Hyper IgE syndrome
Other Names for this Disease
- Hyper-IgE recurrent infection syndrome
- Hyperimmunoglobulin E syndrome
- Job syndrome
- Job's syndrome
See Disclaimer regarding information on this site. Some links on this page may take you to organizations outside of the National Institutes of Health.
primary immune deficiencies characterized by elevated serum IgE, skin inflammation (dermatitis) and recurrent skin and lung infections. There are two forms of HIES, which have the above characteristics in common but otherwise have distinct presentations, courses and outcomes: autosomal dominant HIES (AD-HIES) and autosomal recessive HIES (AR-HIES). Individuals with AD-HIES may also have varying degrees of connective tissue, skeletal, and dental abnormalities as well as a distinctive facial appearance. This form is inherited in an autosomal dominant manner and is caused by mutations in the STAT3 gene in about 70% of cases. Unique characteristics of AR-HIES include extreme hypereosinophilia; susceptibility to viral infections such as Herpes simplex and Molluscum contagiosum; central nervous system involvement; T-cell defects; and a high death rate. AR-HIES is inherited in an autosomal recessive manner and is often caused by mutations in the DOCK8 gene.Hyper IgE syndromes (HIES) are rare
Last updated: 10/10/2012
- Alexandra F Freeman and Steven M Holland. The Hyper IgE Syndromes. Immunol Allergy Clin North Am. May 2008; 28(2):277.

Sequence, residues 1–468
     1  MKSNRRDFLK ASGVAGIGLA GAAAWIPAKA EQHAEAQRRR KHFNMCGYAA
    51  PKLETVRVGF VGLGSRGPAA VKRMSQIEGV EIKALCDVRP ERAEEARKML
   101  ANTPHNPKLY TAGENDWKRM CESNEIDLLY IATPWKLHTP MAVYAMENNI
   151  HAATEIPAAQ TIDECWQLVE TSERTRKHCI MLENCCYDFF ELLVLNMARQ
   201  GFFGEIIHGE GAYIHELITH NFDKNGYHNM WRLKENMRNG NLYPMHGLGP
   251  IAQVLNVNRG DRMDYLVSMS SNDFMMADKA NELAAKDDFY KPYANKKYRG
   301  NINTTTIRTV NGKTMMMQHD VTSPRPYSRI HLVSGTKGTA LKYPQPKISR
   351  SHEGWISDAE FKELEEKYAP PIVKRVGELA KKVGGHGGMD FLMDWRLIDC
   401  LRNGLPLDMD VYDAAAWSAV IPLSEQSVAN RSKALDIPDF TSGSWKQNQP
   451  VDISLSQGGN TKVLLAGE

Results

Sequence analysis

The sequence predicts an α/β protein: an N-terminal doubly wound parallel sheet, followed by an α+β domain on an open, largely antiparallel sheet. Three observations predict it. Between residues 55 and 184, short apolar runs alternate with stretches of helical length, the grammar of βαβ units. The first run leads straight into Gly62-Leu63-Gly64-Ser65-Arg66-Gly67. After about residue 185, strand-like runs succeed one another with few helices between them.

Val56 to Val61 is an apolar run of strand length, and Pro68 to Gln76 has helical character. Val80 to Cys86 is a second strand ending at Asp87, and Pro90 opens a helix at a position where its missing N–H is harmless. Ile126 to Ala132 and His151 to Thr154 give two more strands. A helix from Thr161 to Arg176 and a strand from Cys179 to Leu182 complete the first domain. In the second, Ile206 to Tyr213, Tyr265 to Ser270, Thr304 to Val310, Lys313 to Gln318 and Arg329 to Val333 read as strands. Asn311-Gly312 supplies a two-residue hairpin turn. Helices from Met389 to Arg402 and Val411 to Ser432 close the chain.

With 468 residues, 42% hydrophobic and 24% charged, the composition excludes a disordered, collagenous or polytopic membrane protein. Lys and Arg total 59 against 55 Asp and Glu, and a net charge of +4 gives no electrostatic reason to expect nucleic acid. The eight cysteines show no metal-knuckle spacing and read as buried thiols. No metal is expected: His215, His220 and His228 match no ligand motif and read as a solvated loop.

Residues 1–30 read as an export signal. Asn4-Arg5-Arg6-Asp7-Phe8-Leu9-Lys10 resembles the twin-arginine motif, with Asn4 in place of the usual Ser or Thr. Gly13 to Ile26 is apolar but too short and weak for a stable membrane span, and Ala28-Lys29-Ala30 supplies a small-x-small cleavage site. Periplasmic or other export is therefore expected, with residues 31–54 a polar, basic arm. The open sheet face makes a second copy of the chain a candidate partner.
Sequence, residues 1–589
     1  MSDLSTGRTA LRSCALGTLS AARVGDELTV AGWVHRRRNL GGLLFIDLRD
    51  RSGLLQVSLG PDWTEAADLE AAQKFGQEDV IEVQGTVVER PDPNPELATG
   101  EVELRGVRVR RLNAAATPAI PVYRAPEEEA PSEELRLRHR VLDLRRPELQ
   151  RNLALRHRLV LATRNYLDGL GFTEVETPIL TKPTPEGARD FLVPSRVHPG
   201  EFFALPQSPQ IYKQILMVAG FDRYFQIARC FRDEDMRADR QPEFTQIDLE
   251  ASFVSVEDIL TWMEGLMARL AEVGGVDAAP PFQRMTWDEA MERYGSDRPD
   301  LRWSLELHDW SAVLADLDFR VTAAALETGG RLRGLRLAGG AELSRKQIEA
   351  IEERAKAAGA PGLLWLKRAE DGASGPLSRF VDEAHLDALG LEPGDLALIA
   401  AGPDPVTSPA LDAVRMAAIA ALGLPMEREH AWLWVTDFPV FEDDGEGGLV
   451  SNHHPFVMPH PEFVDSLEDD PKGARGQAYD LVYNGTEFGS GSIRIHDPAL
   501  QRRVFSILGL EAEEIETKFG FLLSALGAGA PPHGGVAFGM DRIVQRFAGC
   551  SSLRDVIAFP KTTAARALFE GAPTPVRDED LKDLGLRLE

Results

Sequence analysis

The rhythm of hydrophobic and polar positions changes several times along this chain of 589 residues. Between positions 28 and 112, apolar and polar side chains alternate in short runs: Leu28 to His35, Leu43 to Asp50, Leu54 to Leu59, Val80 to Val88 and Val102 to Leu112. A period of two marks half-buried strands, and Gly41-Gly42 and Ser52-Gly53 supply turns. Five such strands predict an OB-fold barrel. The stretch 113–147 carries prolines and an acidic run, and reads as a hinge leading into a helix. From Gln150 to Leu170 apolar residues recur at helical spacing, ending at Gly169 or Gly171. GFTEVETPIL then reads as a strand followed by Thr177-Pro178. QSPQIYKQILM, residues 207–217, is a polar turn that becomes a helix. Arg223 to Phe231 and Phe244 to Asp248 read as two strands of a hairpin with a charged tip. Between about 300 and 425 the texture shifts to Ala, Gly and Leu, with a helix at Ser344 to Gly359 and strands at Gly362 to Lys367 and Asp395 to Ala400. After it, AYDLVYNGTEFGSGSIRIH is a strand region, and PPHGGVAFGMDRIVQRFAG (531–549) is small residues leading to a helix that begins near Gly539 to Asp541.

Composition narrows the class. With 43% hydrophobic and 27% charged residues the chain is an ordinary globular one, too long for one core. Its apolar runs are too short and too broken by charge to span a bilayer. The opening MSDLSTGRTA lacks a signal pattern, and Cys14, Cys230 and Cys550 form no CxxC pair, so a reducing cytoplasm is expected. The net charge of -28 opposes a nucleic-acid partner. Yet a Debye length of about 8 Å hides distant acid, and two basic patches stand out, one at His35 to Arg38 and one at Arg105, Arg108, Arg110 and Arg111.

- Bodo Grimbacher and Cristina Woellner. Autosomal dominant hyper IgE syndrome. Orphanet. June 2012; http://www.orpha.net/consor/cgi-bin/OC_Exp.php?lng=EN&Expert=2314. Accessed 10/10/2012.
- Bodo Grimbacher and Cristina Woellner. Autosomal recessive hyper IgE syndrome. Orphanet. June 2012; http://www.orpha.net/consor/cgi-bin/OC_Exp.php?lng=EN&Expert=169446. Accessed 10/10/2012.
- DermNet NZ is an online resource about skin diseases developed by the New Zealand Dermatological Society Incorporated. DermNet NZ provides information about this condition.
- Genetics Home Reference (GHR) contains information on Hyper IgE syndrome. This website is maintained by the National Library of Medicine.
- MedlinePlus was designed by the National Library of Medicine to help you research your health questions, and it provides more information about this topic.
- The Merck Manuals Online Medical Library provides information on this condition for patients and caregivers.
- The National Institute of Allergy and Infectious Diseases (NIAID) supports scientists developing better ways to diagnose, treat, and prevent the many infectious, immunologic, and allergic diseases that afflict people worldwide. Click on the link to view information on this topic.
- Medscape Reference provides information on this topic. Click on the link to view this information. You may need to register to view the medical textbook, but registration is free.
- The Online Mendelian Inheritance in Man (OMIM) database contains genetics resources that discuss the different types of hyper IgE syndrome. Click on the links below to go to OMIM and review these resources.
Autosomal dominant hyper IgE syndrome
Autosomal recessive hyper IgE syndrome
- PubMed is a searchable database of medical literature and lists journal articles that discuss Hyper IgE syndrome. Click on the link to view a sample search on this topic.